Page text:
My driving force is always the educational side of it. I spend hours and hours thinking about the best order to do things in, I think about how I learnt programming and reflect on that. I know that there shouldn't have to be tears and anguish and you shouldn't feel stupid. It's not magical, it's just like everything else. When I went to School the lecturer droned on and on and I just thought, there has to be a better way to learn this than the way I learnt it. - Stina, PinkWebDev project leader and teacher

The feedback from the students about this style of teaching was overwhelmingly positive. The students we spoke to said they found the method engaging, rewarding and they felt they were making great progress.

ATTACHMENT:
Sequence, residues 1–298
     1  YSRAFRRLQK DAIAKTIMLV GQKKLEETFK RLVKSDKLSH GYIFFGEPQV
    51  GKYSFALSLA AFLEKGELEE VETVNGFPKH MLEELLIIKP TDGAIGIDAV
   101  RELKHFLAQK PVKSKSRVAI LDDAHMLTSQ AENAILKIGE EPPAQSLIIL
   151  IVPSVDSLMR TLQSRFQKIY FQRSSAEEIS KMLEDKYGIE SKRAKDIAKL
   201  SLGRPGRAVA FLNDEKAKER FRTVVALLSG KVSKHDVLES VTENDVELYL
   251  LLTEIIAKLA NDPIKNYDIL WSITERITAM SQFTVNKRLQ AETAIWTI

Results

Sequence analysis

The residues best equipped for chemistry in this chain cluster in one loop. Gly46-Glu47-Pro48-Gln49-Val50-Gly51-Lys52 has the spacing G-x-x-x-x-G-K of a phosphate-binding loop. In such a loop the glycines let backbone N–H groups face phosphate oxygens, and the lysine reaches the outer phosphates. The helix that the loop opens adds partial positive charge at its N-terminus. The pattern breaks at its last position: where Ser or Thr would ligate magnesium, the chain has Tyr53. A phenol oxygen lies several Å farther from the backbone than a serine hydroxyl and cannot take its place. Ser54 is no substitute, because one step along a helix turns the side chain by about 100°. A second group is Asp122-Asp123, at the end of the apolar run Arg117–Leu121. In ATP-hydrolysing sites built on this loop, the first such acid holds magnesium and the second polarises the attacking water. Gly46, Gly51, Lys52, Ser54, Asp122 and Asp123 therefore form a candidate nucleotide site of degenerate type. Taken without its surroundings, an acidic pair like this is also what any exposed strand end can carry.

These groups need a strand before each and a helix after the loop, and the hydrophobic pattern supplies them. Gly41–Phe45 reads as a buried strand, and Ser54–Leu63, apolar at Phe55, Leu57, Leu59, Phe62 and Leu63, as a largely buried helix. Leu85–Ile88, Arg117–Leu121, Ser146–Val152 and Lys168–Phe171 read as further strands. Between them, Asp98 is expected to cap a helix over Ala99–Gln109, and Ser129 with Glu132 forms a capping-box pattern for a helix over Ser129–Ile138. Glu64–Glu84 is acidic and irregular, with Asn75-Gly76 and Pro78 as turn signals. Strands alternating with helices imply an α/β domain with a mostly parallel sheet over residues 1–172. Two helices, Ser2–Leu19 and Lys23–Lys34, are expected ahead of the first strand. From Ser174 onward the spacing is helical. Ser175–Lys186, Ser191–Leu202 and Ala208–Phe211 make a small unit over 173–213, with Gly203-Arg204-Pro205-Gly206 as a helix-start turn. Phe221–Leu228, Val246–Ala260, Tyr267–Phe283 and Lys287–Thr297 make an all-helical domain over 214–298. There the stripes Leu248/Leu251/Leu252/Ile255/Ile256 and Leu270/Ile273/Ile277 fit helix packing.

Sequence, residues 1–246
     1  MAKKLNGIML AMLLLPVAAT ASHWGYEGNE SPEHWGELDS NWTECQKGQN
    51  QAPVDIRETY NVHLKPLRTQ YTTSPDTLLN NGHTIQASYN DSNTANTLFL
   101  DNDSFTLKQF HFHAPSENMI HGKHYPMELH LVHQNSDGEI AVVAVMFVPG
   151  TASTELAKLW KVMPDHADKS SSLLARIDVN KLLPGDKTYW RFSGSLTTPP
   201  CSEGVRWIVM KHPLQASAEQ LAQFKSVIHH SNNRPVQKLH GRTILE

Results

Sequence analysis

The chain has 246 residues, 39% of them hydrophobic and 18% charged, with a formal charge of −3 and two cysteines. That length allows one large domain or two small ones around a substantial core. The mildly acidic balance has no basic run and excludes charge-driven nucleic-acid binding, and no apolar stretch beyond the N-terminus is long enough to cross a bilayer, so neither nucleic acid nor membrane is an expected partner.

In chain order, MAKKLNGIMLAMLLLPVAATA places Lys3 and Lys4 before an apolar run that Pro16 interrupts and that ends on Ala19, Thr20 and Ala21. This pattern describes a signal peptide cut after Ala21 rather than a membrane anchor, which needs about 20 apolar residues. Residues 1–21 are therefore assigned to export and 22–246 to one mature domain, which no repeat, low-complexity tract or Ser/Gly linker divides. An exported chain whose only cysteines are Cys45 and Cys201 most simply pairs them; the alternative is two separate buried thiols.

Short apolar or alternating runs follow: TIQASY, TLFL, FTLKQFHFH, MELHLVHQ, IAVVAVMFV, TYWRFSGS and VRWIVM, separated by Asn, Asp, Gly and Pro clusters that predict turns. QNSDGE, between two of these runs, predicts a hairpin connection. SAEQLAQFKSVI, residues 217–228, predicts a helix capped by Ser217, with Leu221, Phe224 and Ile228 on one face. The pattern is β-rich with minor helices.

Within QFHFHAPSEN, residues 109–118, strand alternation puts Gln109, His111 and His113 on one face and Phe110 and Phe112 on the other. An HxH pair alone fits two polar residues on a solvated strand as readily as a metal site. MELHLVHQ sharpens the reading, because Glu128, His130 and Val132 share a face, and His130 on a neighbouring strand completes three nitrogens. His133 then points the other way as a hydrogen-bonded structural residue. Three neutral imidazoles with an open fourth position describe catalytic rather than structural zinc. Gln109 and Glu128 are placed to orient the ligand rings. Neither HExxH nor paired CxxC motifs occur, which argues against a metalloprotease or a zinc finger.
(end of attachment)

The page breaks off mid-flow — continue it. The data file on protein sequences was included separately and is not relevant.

This is better than my one month java script education that I studied (online) in November. I've already learnt more here from 3 evenings, than that entire one month course. - PinkWebDev Student

A few years ago I studied programming for half a year with Pascal. Most of it was just lessons and they just told you stuff on the whiteboard and then after that you had to figure out how to do it. I prefer this method where you have videos and can then ask questions and interact. - PinkWebDev Student


 

 

 

Another barrier is that many women have the wrong perception of programming.

The PinkWebDev group stressed that too many women don't have a clue what programming really is, and too many assume it is something only genius's and super geeks can do. 

What's important to me is that (programming) isn't perceived as magic, it's not something that nobody can do. I get questions like, do you write in 1's and 0s? There are too many people who don't know anything at all about programming. Stina, PinkWebDev project leader and teacher